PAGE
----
When the next race is 5 months away, the new season of This Is Us is finally here, and there is nowhere to park at the gym thanks to New Year’s resolutions of the masses, even the most committed triathletes can start to lose their motivation. Inspiring training quotes on Instagram may be enough to get you through the next workout, but what are the best ways to stay motivated through the long, dark days of the off-season?
For decades, health psychologists and exercise scientists have been trying to get to the bottom of what motivates people to exercise. While the magic bullet remains elusive, scientific inquiries into the mental game of training provide some answers to what works best when it comes to sticking to a training plan.
Not surprisingly, research points to enjoyment as a driving force of the most disciplined athletes. The human brain is wired for pleasure; if you enjoy a workout, you will most likely do it again. Most triathletes can check this box off – you wouldn’t be reading this if you didn’t love triathlons – but does enjoyment of your sport translate to your daily workouts? If not, driving an extra ten minutes to a scenic trail to run or playing a video game while you ride the stationary bike at the gym could be the difference between a workout and your couch.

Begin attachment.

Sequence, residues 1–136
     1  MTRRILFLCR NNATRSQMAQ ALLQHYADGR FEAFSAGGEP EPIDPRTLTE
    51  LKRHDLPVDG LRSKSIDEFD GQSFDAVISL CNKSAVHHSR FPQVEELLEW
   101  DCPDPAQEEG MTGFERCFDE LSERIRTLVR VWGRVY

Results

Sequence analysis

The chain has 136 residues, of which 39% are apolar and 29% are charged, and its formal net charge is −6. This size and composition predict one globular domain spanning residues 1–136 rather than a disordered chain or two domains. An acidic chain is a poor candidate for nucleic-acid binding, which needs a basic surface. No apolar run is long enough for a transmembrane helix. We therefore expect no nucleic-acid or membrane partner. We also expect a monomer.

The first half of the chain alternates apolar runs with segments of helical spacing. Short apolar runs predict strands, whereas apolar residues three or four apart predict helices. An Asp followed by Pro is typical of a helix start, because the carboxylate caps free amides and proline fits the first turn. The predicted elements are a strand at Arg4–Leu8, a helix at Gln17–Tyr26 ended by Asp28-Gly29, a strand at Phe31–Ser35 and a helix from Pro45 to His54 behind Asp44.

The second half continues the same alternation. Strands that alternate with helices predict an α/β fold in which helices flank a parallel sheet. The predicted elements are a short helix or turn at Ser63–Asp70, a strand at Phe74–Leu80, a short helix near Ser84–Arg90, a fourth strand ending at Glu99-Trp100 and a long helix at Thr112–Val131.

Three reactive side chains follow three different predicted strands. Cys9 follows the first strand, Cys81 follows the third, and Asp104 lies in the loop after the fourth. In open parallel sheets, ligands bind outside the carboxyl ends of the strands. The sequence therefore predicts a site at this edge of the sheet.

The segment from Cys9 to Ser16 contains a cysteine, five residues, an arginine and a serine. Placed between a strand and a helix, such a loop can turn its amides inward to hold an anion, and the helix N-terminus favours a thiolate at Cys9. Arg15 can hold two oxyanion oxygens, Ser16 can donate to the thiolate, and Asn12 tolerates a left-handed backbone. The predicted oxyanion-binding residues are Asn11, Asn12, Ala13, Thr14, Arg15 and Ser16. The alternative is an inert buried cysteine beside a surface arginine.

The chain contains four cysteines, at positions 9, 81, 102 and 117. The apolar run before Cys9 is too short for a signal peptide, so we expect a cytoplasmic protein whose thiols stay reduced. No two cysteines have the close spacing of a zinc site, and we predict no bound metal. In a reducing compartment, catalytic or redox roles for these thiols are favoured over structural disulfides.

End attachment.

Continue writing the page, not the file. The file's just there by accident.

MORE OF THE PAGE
In 2016, psychologists took the concept of workout pleasure a step farther and asked what specific factors contributed to positive emotions associated with training. Perceived competence – a sense of mastery or winning – was most strongly correlated with enjoyment. Believing that you are good at something makes it more fun. So, when you find yourself in a rut this winter, try zoning in on your technical skills in the pool or on the track. Hire a coach, do your own research or ask a friend for feedback on your form – the more proficient you feel in each sport, the more enjoyable it will be. And, bonus, the more motivated you will feel!
If focusing on fun isn’t your thing, the unexpected results of a recent study comparing social support with social comparison (in other words, competition) may give you some ideas. Researchers compared supportive online networks with competitive ones to find out which were most effective in motivating people to exercise. The results give a nod to tools like the CrossFit scoreboard, as competition came out on top. So, the next time your friends invite you on a 3-hour ride and you don’t feel like going, ask if they would be up for some friendly competition. And when your Facebook friend posts their Map My Run results for everyone to see, instead of rolling your eyes or unfriending them, think social comparison: sharing and comparing may be more self-care than self-obsession.
The off-season is not only a time to build a fitness foundation, it’s an opportunity to try new things with your training and learn about yourself. What motivates you? Find out by trying these research-backed techniques and remember to find the fun in your training, no matter what!
Therapists at Outpatient Physical Therapy love working with triathletes to keep you training pain-free. Call any of the seven locations to schedule a free consult (no referral needed). www.outpatientpt.com